However reasonable it is for someone to complain that your child hurt theirs, a part of you may be annoyed to hear about it if you sense even a whiff of judgment. (Or even if you don’t: People love to shoot the messenger.) Joann is unhappy with your kid (and, by extension, you), and for some reason, human beings tend to get pissed when people are pissed at them. It’s not dissimilar to how we get annoyed when people disagree with us. Psychologists call this state of mind “attitude correctness,” in which we have the perception that most everyone agrees with us, causing us to assume that we’re right — which makes disagreement feel like a slap in the face. How does this apply here? We know our child is beautiful and wonderful and that their moments of crappy behavior are aberrations — so we assume everyone else knows this, too. Except that Joann doesn’t know your kid; she only knows what she saw go down at the pond. It’s painful and difficult to grasp the uncomfortable fact that, to at least one person, your kid is just a jerk.
If you’re feeling this way, take a breath. Imagine you were in the reverse position. You’d send that text so fast you’d break your fingers typing, yes? You can’t fault Joann for sticking up for her kid—or for expecting you to do what you can to prevent any future head-punchings. You’d likely expect the same. So, when you reply, rise above. Ignore any tone of judgment, even if it irks you. That’s not what’s important now. Instead, say the thing Joann really wants to hear: “Thank you for letting me know. That’s terrible, and I’m so sorry. We will handle this.” For most sane parents, this will be plenty reassuring.
Oh man, not again.
If this isn’t an isolated incident, and you’re getting these kinds of texts on the regular, it’s time to take a different tack. But it’s still not useful to catastrophize. As The Child Mind Institute’s research makes clear, even a bully is not a “bad kid.” In fact, their advice continues, “Many otherwise well-behaved children get involved in bullying.” Why? There are several possible reasons. Because they long to fit in with a group of kids who exhibits bullying behaviors. Because they don’t have a firm grasp on how their hostile actions or words affect their peers. Because their dominant personality type has slipped into unkind territory without them realizing it. Or because they’ve been bullied themselves in the past.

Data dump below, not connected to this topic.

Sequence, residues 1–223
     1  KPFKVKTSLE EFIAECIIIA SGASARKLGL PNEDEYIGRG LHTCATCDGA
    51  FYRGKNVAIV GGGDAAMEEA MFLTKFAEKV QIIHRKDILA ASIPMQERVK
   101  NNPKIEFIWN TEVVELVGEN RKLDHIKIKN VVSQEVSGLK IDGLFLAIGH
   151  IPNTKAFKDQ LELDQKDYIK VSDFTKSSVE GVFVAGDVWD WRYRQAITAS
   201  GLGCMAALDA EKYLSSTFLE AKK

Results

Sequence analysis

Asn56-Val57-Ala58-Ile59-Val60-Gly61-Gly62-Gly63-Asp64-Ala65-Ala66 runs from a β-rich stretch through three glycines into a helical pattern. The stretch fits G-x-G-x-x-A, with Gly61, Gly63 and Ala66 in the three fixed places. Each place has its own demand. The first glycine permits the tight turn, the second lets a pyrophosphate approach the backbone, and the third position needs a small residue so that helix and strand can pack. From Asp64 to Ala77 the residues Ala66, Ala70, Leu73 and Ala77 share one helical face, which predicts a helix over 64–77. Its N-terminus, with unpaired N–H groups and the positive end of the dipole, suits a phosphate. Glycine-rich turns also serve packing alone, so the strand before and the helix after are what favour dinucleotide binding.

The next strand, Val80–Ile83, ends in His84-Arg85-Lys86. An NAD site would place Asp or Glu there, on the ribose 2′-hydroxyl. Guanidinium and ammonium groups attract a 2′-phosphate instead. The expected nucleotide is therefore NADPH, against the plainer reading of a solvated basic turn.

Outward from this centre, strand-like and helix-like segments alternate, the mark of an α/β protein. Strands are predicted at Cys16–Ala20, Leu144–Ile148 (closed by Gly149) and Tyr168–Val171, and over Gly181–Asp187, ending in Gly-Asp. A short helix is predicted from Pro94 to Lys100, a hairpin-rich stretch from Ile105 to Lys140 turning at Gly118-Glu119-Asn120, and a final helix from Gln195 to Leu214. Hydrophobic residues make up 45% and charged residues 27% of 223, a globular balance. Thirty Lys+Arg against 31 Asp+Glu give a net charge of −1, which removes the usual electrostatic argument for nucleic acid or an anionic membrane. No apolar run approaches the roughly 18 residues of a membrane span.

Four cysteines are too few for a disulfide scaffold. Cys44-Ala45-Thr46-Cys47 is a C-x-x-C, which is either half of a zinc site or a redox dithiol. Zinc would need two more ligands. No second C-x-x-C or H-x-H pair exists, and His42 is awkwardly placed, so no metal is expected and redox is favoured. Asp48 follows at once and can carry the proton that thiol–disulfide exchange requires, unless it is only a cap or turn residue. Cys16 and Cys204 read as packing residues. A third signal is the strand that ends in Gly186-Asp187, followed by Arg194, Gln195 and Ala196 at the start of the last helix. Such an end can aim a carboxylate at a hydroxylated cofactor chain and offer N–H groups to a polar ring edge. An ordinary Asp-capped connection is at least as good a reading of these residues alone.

As with the previous scenario, The Child Mind Institute recommends talking with your child about the whys of the situation: “‘Your teacher told me you were involved in some bullying at school. Can you tell me what happened?’ Give your child space to explain what’s going on and how they feel about it.” If your child can’t articulate what’s behind the behavior, it’s well worth getting them in with a child psychologist for further evaluation. They may be dealing with bigger feelings than they, or you, know how to handle.
However you may be feeling upon receiving this information, and however things go down with Joann the next time you see her, here’s what matters: This text, too, shall pass. Your kid will move on from the incident, as will you, and if both your child and you need help to do so, that’s OK.
Someday, you may receive another text like this one. Or you may never receive another. You may have to send one yourself someday. But whatever the future holds, parents need to look out for each other — and even if it doesn’t feel like it, making sure we know how our kids behave when we aren’t around is, at its heart, a supportive act. It can help a lot to try to see it that way.